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May 29, 2008

Sensationally Traditional

Donald Pittenger writes:

Dear Blowhards --

Is the imbalance between Modernist and more traditional painting in the process of being redressed?

I wish.

Since any such redressment will probably be a long-term process, it's too soon to tell. Too soon for me, anyway. Nevertheless, I can grasp at straws as well as the next person.

The most recent straw in the wind is Juliette Aristides' latest book Classical Painting Atelier. (She previously wrote a book about drawing that also can be found in bookstores or ordered via Amazon.)


Aristides, according to the cover flap bio, trained on the East Coast and now is an instructor here in Seattle at the Gage Academy of Art. I am greatly embarrassed to admit that I had never heard of the Gage until I read that snippet. Seeking atonement as well as trying to satisfy curiosity, I did a little Mapquesting and hopped into my trusty Chrysler to find the joint. And voila! It is housed in a former girls school on the grounds of St. Mark's Episcopal cathedral on Capitol Hill. According to their Web page, evening drawing sessions are available; I'd be tempted to sign up, but I travel too much to get my money's worth.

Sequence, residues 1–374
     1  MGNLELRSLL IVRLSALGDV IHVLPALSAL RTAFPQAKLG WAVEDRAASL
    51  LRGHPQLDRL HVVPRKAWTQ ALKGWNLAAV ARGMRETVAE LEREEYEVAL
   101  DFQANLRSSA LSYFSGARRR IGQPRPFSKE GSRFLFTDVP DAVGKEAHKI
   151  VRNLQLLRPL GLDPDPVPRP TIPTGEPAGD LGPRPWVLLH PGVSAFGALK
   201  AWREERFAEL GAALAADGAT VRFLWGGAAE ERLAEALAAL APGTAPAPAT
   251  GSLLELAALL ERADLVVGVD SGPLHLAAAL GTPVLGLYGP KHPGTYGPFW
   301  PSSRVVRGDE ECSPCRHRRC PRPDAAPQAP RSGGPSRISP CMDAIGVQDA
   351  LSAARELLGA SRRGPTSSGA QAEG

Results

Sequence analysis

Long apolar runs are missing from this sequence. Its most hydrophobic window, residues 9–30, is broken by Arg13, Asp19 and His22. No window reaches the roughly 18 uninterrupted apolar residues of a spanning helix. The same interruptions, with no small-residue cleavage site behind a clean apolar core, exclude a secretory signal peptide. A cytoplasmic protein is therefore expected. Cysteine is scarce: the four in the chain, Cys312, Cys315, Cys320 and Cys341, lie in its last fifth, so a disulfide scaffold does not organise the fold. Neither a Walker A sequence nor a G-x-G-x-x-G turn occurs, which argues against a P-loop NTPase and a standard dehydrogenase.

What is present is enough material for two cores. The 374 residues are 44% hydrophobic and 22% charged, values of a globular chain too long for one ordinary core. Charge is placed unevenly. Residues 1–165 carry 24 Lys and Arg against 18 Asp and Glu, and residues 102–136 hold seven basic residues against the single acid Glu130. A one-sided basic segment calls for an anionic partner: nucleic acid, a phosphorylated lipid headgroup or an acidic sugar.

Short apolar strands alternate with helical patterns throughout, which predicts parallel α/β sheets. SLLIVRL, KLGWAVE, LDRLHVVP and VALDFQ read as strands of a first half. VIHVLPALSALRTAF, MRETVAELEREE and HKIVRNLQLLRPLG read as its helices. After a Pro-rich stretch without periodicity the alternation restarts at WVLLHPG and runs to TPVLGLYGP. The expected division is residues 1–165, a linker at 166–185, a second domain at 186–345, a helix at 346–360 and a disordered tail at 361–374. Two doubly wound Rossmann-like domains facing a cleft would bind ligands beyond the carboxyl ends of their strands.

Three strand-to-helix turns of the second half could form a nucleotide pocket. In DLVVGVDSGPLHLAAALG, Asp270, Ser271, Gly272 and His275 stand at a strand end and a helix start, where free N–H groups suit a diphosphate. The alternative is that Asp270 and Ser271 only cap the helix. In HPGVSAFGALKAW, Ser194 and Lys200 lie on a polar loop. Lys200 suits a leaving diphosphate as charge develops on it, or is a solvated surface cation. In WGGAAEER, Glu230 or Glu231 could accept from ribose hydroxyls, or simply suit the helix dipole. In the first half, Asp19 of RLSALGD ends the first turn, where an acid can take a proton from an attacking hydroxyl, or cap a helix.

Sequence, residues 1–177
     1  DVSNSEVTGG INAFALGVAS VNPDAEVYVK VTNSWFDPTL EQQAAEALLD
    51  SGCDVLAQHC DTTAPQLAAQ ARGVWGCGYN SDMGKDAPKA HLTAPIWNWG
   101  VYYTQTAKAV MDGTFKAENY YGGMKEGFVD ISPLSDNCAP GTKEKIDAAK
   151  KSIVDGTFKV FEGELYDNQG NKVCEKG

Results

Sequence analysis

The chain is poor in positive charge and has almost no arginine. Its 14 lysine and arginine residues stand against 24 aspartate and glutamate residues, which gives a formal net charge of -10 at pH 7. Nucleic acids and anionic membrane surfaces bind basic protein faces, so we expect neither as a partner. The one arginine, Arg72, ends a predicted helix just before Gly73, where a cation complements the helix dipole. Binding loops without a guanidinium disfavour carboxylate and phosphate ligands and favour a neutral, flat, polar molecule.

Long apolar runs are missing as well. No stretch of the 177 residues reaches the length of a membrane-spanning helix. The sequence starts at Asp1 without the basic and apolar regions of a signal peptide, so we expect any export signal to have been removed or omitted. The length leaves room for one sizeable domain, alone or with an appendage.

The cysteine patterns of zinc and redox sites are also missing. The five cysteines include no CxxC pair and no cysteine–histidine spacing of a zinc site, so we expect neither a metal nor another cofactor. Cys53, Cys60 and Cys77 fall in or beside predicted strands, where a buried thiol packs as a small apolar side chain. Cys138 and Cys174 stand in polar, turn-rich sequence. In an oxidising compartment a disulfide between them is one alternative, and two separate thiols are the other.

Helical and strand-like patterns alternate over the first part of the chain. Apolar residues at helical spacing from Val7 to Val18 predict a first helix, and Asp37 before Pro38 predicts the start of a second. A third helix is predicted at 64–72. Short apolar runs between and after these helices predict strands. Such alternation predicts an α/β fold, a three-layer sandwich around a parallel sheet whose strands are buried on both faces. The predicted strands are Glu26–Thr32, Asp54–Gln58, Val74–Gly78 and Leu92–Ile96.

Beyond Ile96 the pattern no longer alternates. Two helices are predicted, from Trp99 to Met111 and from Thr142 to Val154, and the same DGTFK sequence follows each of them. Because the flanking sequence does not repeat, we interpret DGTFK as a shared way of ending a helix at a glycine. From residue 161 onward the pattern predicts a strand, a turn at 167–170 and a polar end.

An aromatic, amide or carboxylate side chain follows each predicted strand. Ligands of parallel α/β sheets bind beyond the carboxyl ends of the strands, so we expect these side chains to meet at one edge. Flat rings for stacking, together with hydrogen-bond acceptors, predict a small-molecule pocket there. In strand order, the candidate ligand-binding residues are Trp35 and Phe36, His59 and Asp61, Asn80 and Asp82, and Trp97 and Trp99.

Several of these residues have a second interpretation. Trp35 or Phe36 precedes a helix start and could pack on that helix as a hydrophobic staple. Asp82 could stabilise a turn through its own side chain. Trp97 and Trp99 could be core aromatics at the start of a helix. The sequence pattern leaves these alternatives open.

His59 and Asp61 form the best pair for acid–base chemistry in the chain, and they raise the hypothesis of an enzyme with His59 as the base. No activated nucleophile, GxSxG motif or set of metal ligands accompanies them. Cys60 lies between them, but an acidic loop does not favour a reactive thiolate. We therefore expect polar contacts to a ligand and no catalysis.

Back to the book. It contains much useful information and serious art students should read it because Aristides knows (and demonstrates by her own painting) what she's talking about. For me, the highlights were the illustrations. Besides the Usual Suspects such as Rembrandt, Hals, Velázquez and Vermeer, she includes fine paintings by more recent artists including Cecelia Beaux, William Merritt Chase, William Bouguereau and Albert Handerson Thayer.

And, related to the matter of a potential return to traditional painting, Aristides included works by living artists, some of whom who are established such as Andrew Wyeth and Odd Nerdrum, and others who are early in their careers. Here are some examples I grabbed off the Internet. The ones farther down might be dicey if you are at work, so use caution. Of course you can justify viewing them because, after all, they are Art.


Transparent and Solid by Gary Faigin, 2000
Let's start off with two still-life paintings. The objects and eye-level viewpoint are contemporary, but the handling is Academic. Interesting mix.

Mertz No. 11 by John Morra, 2006
Okay, this one wasn't in the book. I couldn't find an image of Mertz No. 2 on the Web, so this will have to do. Similar to what Faigin was attempting.

Corner Window 2 by Daniel Sprick, 2001